You are right when you describe IVF as an intense process. It's physically intense, it's emotionally intense., and depending on what type of insurance coverage that you have, it is also financially intense for a lot of folks. It is really important to remember that people who are going through these fertility treatments, they're not going through them in a vacuum. This is not the only thing happening in their life, you know, they may be dealing with the grief of infertility or other things in their lives, with their jobs, with their families. And IVF in itself, I feel like could be a full-time job, just managing all of the testing us to do, all of the appointments all of the medication. It's incredible that anyone can do it, if they're not, they don't have to be a nurse or a doctor themselves. I mean, I am in complete awe of our patients is incredible. And you had a particularly just rough time with what you were going through with Luke and I can't, I can't imagine the strength that it took. So I just my hat's off to you for keeping it together. Or probably, or maybe it's sometimes not, but keeping moving forward at least.
I do want to start off by saying, you know, the decision to do Pre-Implantation Genetic Testing, or I'll call it PGT moving forward just to save, save some syllable is intensely personal. So I think like any choice related to family building related to reproduction, this is not a choice that anybody should be making, except for the couple themselves. And so my role as a genetic counselor is really to educate and support our patients, never to make a choice like this for them. You know, my goal is to help our patients walk through that decision-making process, give them the information that they need, and the answers to their questions that they're coming in with, and to help them weigh the values that they have to hopefully come to the decision that they're going to be most comfortable with. You know, it's so important to have a clinic that makes you feel heard and supported because there are often a lot of ups and downs, this process. And so it's really important to feel like you have a strong team behind you.
Sometimes babies come home from the hospital requiring extra therapy support in the home. And for some kids, it's determined a little bit later that this extra therapy support is needed. Where I'm from this kind of support is known as Early Intervention. For Kristyn, it's called first steps. There's probably a similar program in your state with a different name. These therapists, enter our lives as strangers who are meeting us at a very emotionally vulnerable time in our lives. In my personal experience, the same people who were once strangers become our mentors. They're the ones who teach us valuable techniques, tips, and tricks on how to help our children reach inch-stones, or milestones, through play and exercise. In this episode, we meet Jen who shares with us about her life and her calling to the field of Pediatric Physical Therapy.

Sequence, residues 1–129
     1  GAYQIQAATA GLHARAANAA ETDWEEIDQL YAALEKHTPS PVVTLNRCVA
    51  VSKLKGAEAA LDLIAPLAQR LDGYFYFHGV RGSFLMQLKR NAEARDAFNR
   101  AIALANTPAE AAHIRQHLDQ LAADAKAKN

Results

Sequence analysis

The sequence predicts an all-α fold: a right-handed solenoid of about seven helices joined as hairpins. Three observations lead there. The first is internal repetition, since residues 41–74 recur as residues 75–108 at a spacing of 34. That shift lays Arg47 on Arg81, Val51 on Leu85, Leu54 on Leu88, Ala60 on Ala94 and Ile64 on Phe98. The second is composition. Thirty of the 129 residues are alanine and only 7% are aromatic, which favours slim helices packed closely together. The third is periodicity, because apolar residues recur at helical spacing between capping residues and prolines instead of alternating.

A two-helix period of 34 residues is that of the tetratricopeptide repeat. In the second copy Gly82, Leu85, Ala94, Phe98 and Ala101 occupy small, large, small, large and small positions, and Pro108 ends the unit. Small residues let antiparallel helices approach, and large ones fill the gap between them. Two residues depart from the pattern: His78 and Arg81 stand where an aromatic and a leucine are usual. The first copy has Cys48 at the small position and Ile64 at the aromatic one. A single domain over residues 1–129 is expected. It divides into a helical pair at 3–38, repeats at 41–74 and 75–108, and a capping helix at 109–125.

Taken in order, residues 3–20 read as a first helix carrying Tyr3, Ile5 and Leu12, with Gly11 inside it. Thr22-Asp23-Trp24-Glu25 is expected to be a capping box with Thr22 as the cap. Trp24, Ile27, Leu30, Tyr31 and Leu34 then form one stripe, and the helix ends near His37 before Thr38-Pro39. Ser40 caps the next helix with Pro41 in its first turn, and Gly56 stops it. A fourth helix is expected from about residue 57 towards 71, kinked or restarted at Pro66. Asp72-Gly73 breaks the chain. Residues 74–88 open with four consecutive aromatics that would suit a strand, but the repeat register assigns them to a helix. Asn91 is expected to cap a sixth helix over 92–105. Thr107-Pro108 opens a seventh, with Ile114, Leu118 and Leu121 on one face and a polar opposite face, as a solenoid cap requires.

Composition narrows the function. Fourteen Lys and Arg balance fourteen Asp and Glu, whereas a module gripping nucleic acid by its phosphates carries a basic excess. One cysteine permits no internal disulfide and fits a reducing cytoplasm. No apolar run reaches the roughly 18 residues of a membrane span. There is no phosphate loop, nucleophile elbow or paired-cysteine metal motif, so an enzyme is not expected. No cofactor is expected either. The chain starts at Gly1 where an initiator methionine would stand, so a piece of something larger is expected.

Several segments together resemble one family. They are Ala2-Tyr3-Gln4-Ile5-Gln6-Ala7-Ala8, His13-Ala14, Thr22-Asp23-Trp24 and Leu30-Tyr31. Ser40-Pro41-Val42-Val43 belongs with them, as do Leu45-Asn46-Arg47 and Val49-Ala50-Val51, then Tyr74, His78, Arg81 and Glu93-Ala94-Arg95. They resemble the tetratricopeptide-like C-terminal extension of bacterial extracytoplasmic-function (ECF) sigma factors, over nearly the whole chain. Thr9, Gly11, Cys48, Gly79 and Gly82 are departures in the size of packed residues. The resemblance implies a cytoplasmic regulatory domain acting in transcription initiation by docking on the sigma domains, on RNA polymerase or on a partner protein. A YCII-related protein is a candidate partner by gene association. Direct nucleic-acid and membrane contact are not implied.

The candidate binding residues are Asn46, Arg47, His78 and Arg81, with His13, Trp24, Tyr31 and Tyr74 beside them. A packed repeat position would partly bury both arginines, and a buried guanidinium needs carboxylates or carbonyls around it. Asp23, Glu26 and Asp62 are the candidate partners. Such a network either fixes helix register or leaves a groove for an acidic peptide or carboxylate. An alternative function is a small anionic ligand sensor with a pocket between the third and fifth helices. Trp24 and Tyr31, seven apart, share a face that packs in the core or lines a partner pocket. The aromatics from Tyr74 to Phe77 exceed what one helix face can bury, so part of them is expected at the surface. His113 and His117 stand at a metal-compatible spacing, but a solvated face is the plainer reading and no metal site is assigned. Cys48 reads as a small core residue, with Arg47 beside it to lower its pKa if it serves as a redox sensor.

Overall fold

My sister, my sister that's just two years younger than me, she was hit by a car when she was 13 and I was 15. And she had a lot of physical therapy. So it was kind of like this introduction to something I had never really known or knew much about. So I went with her a lot, got to watch, got to see what she was doing and got to see her progression, and just, you know, all the different things and all the many - it ended up being multiple times in many years. So it was kind of like I got to see a lot through that. And I just really enjoyed it. Like I just thought it was really interesting. So I knew I wanted to do physical therapy, like, and I always thought I wanted to do pediatrics too. I mean, I always loved kids. I always loved babysitting. I mean I still like me all little kids I love but like just even my nieces and nephews, I just love to be around them and I always knew I wanted to do pediatrics.